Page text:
5. Am Heart J. 2018 Dec 05. pii: S0002-8703(18)30333-8. [Epub ahead of print]209 9-19
    Burstein DS, Shamszad P, Dai D, Almond CS, Price JF, Lin KY, O'Connor MJ, Shaddy RE, Mascio CE, Rossano JW.
      BACKGROUND: Children with congenital heart disease (CHD) are at risk for advanced heart failure (AHF). We sought to define the mortality and resource utilization in CHD-related AHF in children and young adults.METHODS: All hospitalizations in the Pediatric Health Information System database involving patients ≤21 years old with a CHD diagnosis and heart failure requiring at least 7 days of continuous inotropic support between 2004 and 2015 were included. Hospitalizations including CHD surgery were excluded.
    RESULTS: Of 465,482 CHD hospitalizations, AHF was present in 2,712 (0.6%) [58% infant, 55% male, 30% single ventricle]. AHF therapies frequently used included extracorporeal membrane oxygenation (ECMO) (15%) and cardiac transplant (16%). Ventricular assist device (VAD) support was rare (3%), although VAD use significantly increased from 2004 to 2015 (P < .0010). Hospital mortality in CHD with AHF was 26%, with higher mortality associated with single ventricle heart disease (OR 1.64, 95% CI 1.23-2.19; P = .0009), infancy (OR 1.71, 95% CI 1.17-2.5; P = .0057), non-white race (OR 1.28, 95% CI 1.04-1.59; p=0.0234), and chronic complex comorbidities (OR 1.76, 95% CI 1.34-2.30; P < .0001). Over the 11-year study period, despite the significant increase in CHD-related AHF hospitalizations (P < .0001), hospital mortality improved (P = .0011). Median hospital costs were $252,000, a 6-fold increase above those without AHF, and was primarily driven by hospital length of stay (P < .0001).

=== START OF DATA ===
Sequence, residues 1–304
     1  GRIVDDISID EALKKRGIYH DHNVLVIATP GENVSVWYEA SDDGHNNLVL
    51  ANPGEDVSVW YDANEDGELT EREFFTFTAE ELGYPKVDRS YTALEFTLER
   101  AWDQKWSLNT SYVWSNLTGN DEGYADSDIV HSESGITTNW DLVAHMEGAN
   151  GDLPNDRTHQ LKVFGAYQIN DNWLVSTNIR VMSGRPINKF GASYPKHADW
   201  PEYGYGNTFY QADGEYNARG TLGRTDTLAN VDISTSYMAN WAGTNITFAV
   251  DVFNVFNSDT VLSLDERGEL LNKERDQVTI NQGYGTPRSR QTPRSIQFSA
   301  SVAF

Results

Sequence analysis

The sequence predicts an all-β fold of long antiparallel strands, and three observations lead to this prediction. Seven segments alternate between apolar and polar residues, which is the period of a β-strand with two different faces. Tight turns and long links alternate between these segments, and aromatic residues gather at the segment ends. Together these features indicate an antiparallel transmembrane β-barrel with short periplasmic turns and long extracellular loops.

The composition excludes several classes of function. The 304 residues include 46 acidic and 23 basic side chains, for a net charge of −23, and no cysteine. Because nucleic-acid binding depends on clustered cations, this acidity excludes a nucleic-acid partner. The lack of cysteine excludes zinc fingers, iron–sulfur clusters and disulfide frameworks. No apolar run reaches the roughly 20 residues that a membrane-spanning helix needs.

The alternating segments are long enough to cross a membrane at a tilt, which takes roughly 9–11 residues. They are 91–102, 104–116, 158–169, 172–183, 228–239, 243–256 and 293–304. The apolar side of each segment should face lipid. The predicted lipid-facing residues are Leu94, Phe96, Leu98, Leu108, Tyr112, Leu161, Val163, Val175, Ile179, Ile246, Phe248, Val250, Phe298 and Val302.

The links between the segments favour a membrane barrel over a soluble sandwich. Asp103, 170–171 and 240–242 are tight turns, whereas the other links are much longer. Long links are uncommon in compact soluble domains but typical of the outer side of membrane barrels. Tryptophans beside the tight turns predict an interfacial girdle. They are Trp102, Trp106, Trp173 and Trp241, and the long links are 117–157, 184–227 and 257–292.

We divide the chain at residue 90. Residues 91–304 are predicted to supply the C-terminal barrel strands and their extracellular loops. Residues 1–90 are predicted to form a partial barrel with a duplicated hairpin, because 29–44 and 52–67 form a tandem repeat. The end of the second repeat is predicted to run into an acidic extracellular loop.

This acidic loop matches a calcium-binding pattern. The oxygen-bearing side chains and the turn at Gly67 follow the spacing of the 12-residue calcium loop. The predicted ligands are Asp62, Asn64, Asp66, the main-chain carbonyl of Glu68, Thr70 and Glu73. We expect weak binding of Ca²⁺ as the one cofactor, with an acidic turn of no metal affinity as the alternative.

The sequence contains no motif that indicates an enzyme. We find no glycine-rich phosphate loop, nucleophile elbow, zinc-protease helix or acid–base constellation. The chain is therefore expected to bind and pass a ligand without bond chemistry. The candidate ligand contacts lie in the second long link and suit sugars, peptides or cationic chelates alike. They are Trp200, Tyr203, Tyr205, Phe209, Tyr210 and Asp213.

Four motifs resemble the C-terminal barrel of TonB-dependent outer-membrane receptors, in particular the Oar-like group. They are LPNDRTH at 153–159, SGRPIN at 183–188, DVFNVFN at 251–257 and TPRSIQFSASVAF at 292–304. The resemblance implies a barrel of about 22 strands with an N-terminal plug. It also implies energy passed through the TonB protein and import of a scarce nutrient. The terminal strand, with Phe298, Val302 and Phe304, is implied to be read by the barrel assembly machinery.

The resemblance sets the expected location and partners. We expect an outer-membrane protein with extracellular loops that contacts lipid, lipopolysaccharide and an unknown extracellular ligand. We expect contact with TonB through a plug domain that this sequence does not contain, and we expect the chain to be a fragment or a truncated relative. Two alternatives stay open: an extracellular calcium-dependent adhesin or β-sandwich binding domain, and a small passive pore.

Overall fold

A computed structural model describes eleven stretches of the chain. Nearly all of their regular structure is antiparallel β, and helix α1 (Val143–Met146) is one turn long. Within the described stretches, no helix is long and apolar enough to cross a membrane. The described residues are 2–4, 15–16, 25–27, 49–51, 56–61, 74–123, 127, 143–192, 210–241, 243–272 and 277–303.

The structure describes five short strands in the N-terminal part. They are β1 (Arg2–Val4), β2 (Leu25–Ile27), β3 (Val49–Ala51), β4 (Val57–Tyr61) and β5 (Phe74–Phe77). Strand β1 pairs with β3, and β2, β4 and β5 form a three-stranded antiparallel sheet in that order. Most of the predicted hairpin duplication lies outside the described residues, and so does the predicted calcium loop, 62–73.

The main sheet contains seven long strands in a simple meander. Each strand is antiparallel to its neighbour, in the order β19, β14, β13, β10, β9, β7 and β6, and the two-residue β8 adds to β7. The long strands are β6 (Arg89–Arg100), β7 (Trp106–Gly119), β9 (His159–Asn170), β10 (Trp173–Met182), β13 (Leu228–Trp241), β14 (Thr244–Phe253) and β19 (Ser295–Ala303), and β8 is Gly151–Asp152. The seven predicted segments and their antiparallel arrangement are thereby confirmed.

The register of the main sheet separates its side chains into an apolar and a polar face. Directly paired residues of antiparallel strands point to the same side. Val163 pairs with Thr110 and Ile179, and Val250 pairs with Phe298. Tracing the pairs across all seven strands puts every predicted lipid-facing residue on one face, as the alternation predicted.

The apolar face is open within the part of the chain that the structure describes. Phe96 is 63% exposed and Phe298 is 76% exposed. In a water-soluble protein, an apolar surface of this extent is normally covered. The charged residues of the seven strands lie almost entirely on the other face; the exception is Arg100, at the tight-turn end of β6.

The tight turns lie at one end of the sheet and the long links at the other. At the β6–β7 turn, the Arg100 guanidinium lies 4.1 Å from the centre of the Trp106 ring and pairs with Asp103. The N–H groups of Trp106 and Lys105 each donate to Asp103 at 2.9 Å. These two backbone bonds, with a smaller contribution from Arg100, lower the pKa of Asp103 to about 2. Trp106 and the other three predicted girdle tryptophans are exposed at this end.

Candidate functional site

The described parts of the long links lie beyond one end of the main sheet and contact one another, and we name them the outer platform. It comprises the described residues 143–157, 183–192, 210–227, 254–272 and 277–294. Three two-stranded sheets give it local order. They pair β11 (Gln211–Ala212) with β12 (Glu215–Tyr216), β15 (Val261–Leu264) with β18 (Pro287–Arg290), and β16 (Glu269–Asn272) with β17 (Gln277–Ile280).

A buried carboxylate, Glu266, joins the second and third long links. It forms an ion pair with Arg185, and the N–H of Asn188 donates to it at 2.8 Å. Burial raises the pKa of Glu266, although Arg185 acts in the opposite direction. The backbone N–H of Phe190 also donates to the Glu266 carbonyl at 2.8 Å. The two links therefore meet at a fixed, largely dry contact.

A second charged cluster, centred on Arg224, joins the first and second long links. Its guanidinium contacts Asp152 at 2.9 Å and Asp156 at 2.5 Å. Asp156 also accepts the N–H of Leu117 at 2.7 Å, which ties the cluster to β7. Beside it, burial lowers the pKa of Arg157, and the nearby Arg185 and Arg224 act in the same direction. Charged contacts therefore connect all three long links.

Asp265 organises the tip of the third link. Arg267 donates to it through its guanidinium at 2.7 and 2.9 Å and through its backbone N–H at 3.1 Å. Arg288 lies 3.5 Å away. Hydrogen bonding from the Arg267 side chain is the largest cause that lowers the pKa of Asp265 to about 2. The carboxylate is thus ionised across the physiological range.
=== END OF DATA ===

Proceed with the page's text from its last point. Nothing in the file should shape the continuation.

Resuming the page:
CONCLUSION: AHF in children with CHD in uncommon but increasing and is associated with significant morbidity, mortality and resource utilization. Approximately 1 in 5 children do not survive to hospital discharge. Many risk factors for mortality may not be modifiable, and further study is needed to identify modifiable risk factors and improve care for this complex population.